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Microsoft’s Internet Explorer Retirement Explained

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Microsoft Corp. Wednesday announced that Explorer will be retired next year so far, in favour of the newer, more rapid, more secure browser. The pioneering web browser, which progressively grew out of favour among users over the years, will be retiring next year. So in today’s blog, we are going to know about Microsoft’s Internet Explorer Retirement and its journey.

If you have Windows 10 installed on your computer, Microsoft’s latest browser “Microsoft Edge” comes preinstalled as the default browser. The Microsoft Edge is similar to the Internet Explorer, but they are separate applications.

After more than two decades of the heroic browser wars of the 1990s, Microsoft’s Internet Explorer will finally join “Netscape Navigator” in the scrap of history.

The Announcement

Microsoft Corp. announced Wednesday that Explorer will be retired next year, in favour of the newer, more rapid, more secure Edge browser.

 “Over the last year, you may have noticed our development away from Internet Explorer (“IE”) support,” Lyndersay said. “Today, we are at the next phase of that journey: and we are announcing that the future of Internet Explorer on Windows 10 is in Microsoft Edge.”

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Support for Explorer will ending on June 15, 2022, for most versions of Windows 10, Microsoft Edge program manager Sean Lyndersay said in a blog post.

The History

Internet Explorer was introduced in the year 1995 and it was free for Windows users, which sparked an often bitter battle with the then-browser-market leader, Netscape Navigator. Netscape Navigator was culminating in the year 1998 antitrust trial. Although Microsoft lost the case, by that time Explorer had won the war and was the dominant browser.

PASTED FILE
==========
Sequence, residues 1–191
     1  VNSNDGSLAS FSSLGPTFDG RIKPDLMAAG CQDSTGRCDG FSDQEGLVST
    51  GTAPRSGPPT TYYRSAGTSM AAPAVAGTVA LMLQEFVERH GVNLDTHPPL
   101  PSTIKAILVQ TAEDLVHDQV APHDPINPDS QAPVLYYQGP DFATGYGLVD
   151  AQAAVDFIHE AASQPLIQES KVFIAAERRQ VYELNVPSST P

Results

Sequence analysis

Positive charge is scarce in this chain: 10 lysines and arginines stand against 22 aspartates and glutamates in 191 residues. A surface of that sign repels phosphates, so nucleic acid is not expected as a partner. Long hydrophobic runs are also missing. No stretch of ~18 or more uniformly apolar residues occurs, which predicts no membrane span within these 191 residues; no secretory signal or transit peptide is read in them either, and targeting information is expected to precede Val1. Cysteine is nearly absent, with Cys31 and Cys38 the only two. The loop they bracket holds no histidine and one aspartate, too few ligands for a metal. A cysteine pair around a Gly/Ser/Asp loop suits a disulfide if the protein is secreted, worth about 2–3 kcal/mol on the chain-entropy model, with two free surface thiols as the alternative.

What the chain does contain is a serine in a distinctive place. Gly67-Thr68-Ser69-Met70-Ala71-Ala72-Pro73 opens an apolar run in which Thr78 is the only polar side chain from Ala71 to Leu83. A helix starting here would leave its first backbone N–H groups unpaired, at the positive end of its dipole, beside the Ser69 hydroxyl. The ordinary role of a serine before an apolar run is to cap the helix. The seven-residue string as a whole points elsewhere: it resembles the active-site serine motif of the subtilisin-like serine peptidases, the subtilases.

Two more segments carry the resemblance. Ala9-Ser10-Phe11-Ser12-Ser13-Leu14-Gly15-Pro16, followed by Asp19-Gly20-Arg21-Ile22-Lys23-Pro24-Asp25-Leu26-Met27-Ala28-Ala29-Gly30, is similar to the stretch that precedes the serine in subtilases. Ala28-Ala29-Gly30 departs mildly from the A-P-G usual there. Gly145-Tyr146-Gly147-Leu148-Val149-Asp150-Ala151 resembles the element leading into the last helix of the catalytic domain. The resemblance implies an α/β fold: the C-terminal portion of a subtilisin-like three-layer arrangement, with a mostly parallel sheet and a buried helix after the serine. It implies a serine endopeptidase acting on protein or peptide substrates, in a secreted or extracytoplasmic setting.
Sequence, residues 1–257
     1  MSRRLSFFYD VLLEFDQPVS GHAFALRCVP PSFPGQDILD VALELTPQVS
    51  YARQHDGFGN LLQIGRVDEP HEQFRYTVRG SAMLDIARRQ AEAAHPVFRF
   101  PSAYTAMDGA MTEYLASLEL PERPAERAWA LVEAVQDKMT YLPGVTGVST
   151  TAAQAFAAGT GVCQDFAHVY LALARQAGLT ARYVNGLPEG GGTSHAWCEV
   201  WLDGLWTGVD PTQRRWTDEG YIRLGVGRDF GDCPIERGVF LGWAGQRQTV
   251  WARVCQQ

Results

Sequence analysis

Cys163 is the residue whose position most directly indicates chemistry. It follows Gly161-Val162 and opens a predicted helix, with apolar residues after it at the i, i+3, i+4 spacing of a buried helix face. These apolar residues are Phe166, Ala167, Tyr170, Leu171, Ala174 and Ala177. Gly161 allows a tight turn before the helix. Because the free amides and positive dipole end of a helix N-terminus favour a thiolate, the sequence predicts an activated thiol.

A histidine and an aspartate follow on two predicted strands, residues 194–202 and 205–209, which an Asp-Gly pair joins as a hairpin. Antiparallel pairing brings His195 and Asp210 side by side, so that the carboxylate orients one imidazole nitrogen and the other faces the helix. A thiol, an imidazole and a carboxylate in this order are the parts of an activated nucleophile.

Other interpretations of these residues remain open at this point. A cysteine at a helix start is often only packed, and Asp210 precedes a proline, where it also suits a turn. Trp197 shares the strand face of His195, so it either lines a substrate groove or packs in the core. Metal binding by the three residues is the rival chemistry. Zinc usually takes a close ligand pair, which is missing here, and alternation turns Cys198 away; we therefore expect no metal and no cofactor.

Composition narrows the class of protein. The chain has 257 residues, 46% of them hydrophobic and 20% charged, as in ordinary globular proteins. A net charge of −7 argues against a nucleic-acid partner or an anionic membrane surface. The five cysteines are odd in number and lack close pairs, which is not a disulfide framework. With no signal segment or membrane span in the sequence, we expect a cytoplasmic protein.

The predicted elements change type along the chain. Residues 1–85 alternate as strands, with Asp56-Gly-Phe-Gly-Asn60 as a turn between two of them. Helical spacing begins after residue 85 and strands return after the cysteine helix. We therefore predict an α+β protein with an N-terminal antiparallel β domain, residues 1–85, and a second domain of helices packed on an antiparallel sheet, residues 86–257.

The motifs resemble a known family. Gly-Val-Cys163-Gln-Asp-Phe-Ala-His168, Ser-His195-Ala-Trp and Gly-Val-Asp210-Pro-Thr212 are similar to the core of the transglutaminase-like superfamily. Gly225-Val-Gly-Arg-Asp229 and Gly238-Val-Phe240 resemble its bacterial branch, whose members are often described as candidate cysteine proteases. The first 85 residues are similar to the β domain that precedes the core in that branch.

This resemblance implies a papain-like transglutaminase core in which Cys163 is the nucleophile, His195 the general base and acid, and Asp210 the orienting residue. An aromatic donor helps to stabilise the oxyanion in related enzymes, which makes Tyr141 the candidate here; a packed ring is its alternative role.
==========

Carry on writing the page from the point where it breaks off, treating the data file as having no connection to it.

At the peak in 2001, Internet Explorer claimed more than 90% of the global browser market.

The New Era: Microsoft Edge

Edge was introduced in the year 2015, and Microsoft has progressively steered toward it.

Internet Explorer was introduced in 1995 and was bundled for free for Windows users, which sparked an often bitter battle with then-browser-market leader Netscape Navigator, culminating in a 1998 antitrust trial. Although Microsoft lost the case, by that time Explorer had won the war and was the dominant browser. At its peak in 2001, Explorer claimed more than 90% of the global browser market.

But times have changed, and Microsoft’s two browsers now string up onto a small string of the thread. Because as of April 2021, Google’s Chrome had a total of 65% of the global browser market. Then comes Apple’s Safari which had 19% and Firefox had 4%. While Microsoft’s Edge had only 3% and Internet Explorer had less than 1% of the browser market. Data according to Stat Counter.

What for Internet Explorer lovers?

Microsoft is advising those who are still using Explorer to make the swap before next summer.

For those stragglers, in his blog post, Lyndersay noted Edge has “IE mode” built-in, “so you can access those legacy Internet Explorer-based websites and applications straight from Microsoft Edge.”

“We can’t thank everyone enough for supporting Internet Explorer over the years,” he said.

So that‘s it for today guys about Microsoft’s Internet Explorer Retirement.

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We will catch you in the next one.

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